With the academic year coming to an end, most of us feel like Baymax here:
However, we have come too far, completed too many assignments, and consumed too many cups of Starbucks to give up. With that said, let’s talk about how you can finish strong this semester.
Save your brain cells. Ask for help.
Sometimes, we don’t ask for help because we’re too proud or too afraid of wasting someone’s time. However, you have to be strong enough to admit when you’re overwhelmed and believe that your academic goals are important enough for someone to invest time in you. With project deadlines and finals approaching, there’s no time to waste. To alleviate the pressure from time constraints, I suggest visiting professors during their office hours or scheduling appointments, emailing them, seeking tutoring, or asking a friend who’s doing well in the course. If you have trouble speaking with professors here’s a template for asking questions.
I’m having trouble understanding X, can you explain Y, please?
I’ve tried this problem, but my answer is still wrong. Can tell me where I went wrong, please?
I’ve been working on X, can you give me some feedback on Y?
Most importantly, ask for help sooner than later. Professors are more open to helping you when it’s not last minute.
Get out. Audit your activities.
We want to be great. We want to conquer. We want to do everything that we set out to do… but life isn’t always like that. Sometimes, we need to cut our losses with a project or activity if it is nonessential to our immediate goals. With that said, it’s storytime.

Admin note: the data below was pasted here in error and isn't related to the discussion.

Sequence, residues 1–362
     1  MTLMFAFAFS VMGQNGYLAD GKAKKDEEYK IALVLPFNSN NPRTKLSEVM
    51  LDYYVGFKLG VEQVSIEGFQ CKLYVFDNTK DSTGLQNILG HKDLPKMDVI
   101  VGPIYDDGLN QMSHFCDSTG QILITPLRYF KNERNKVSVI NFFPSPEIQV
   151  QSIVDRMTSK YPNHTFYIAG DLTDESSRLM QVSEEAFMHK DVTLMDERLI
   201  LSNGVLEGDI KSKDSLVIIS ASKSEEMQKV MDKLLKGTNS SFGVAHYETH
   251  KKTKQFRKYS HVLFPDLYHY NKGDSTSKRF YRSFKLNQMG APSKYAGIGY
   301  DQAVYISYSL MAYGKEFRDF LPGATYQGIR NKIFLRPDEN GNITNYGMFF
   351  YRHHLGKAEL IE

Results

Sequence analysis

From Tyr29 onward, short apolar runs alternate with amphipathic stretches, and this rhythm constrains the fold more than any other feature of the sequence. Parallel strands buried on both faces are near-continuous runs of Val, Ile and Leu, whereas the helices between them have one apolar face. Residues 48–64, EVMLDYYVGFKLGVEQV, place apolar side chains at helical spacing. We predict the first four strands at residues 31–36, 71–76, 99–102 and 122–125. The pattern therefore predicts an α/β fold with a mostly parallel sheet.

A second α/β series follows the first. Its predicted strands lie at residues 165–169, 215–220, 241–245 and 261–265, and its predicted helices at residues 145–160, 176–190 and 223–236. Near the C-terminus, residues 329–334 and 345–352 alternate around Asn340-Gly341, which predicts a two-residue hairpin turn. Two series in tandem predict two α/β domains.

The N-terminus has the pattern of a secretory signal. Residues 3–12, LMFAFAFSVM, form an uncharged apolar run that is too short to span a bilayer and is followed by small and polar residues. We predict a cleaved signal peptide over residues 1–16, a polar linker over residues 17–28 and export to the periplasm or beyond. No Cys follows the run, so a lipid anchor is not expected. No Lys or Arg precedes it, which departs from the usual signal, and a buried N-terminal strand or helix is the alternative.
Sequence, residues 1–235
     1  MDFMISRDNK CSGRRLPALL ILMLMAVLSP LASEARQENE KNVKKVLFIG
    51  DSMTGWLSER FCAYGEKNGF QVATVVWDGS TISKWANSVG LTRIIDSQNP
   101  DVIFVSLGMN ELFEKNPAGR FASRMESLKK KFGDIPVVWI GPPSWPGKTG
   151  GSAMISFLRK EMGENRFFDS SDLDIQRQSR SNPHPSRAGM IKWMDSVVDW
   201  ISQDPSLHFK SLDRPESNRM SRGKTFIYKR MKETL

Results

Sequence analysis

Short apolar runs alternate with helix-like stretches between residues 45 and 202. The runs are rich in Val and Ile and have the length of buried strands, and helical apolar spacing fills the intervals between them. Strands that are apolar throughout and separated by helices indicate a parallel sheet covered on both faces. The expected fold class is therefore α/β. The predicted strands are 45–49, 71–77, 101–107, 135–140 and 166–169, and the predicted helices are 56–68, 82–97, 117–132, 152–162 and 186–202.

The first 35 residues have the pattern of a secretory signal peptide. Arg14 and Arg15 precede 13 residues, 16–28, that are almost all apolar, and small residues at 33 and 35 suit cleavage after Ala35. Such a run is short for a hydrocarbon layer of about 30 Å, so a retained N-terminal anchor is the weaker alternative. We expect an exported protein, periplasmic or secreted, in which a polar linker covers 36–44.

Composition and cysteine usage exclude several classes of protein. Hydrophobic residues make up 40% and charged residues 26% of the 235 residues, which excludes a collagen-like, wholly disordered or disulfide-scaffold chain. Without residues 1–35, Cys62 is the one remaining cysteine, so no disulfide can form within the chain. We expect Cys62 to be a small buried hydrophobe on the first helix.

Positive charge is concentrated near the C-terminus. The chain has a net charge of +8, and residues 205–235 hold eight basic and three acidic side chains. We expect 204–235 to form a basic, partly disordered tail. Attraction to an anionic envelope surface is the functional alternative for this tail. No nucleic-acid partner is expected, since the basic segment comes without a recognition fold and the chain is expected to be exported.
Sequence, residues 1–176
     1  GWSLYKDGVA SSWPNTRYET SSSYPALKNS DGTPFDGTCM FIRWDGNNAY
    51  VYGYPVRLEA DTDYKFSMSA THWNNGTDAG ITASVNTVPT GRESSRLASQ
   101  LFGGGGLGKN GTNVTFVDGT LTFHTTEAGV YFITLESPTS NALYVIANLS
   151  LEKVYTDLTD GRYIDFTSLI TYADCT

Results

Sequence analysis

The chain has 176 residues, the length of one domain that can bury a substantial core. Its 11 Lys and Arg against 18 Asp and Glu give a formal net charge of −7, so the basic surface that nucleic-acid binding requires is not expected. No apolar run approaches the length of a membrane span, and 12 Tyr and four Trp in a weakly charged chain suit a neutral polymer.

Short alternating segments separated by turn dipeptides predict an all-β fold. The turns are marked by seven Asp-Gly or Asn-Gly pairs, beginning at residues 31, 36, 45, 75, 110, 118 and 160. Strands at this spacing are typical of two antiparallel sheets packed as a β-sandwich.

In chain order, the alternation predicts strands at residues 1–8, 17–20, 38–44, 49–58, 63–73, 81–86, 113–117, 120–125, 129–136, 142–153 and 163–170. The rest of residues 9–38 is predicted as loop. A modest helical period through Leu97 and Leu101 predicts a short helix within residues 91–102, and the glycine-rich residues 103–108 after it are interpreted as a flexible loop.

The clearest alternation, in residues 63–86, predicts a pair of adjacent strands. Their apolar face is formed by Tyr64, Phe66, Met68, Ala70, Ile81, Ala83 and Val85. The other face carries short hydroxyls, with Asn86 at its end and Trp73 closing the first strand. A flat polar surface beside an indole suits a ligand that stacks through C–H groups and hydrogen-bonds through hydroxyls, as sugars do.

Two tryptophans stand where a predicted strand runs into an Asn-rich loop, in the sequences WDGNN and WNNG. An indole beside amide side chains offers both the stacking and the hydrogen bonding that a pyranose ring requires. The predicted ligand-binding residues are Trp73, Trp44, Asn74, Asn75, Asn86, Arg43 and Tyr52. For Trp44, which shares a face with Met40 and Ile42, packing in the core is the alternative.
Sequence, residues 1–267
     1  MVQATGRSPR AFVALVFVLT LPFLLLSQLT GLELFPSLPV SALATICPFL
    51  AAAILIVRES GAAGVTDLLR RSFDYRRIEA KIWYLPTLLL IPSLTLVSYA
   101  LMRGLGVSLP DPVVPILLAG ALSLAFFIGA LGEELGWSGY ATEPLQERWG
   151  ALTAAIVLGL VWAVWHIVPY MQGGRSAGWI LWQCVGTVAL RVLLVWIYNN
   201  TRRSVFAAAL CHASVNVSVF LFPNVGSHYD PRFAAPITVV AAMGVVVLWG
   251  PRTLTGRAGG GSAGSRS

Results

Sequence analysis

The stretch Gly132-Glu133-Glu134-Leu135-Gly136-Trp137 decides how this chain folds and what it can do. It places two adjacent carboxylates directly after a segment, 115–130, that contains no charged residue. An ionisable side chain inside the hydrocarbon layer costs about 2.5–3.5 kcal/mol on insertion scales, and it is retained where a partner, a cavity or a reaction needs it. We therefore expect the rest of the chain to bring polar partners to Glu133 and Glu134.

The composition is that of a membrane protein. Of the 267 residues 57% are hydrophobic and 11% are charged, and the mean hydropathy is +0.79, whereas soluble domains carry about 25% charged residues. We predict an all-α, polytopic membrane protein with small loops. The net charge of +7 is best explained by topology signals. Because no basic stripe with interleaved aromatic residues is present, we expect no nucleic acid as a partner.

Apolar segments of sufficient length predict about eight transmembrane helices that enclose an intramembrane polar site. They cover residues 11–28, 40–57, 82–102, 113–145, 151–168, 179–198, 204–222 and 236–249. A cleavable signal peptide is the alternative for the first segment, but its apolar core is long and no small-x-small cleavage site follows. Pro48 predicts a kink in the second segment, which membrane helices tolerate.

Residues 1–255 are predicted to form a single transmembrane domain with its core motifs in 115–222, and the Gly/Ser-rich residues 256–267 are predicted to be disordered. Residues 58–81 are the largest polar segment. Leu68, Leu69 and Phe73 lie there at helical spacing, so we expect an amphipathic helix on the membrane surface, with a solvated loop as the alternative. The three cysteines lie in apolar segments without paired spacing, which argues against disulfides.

I had been pressured to rejoin some musical activity, so I joined a choir. While it was nice, it was one thing too many on my schedule, which was already filled with studying, NSBE events, the 100 Days of Code challenge, volunteering, applying to internships and research programs, research projects, and publishing on LinkedIn. After feeling overwhelmed, I realized I needed to give up something. After much thinking, I decided to let go of choir for several reasons:
- It didn’t fit into my immediate goals (maintaining a 3.5, creating a project portfolio, securing a summer internship, etc).
- I realized choir was a means of appeasing those who pressured me, not something I innately enjoyed.
- I realized that the time I spent in practice was the time I could use to work on my goals or do something to relieve stress.
The point of this story is that we can’t do everything. Sometimes, we need to get out of activities that lock us in a cycle that prevents us from achieving our most important goals. As the semester closes, remove anything nonessential to prevent burnout and finish the semester strong.
It may be difficult, but the struggle is worth it and the finale is almost here. As long as you ask for help and focus on the essentials, you’ll be fine. You are strong. You are persistent. You will be victorious.